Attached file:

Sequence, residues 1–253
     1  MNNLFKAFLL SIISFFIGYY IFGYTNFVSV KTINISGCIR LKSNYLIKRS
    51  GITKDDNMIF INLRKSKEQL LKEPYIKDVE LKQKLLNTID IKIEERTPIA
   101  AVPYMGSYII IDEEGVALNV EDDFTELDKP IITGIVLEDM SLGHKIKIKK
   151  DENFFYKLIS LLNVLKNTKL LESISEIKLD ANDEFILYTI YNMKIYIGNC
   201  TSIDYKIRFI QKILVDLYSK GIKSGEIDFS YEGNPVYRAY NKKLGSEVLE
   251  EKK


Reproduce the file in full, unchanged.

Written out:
Sequence, residues 1–253
     1  MNNLFKAFLL SIISFFIGYY IFGYTNFVSV KTINISGCIR LKSNYLIKRS
    51  GITKDDNMIF INLRKSKEQL LKEPYIKDVE LKQKLLNTID IKIEERTPIA
   101  AVPYMGSYII IDEEGVALNV EDDFTELDKP IITGIVLEDM SLGHKIKIKK
   151  DENFFYKLIS LLNVLKNTKL LESISEIKLD ANDEFILYTI YNMKIYIGNC
   201  TSIDYKIRFI QKILVDLYSK GIKSGEIDFS YEGNPVYRAY NKKLGSEVLE
   251  EKK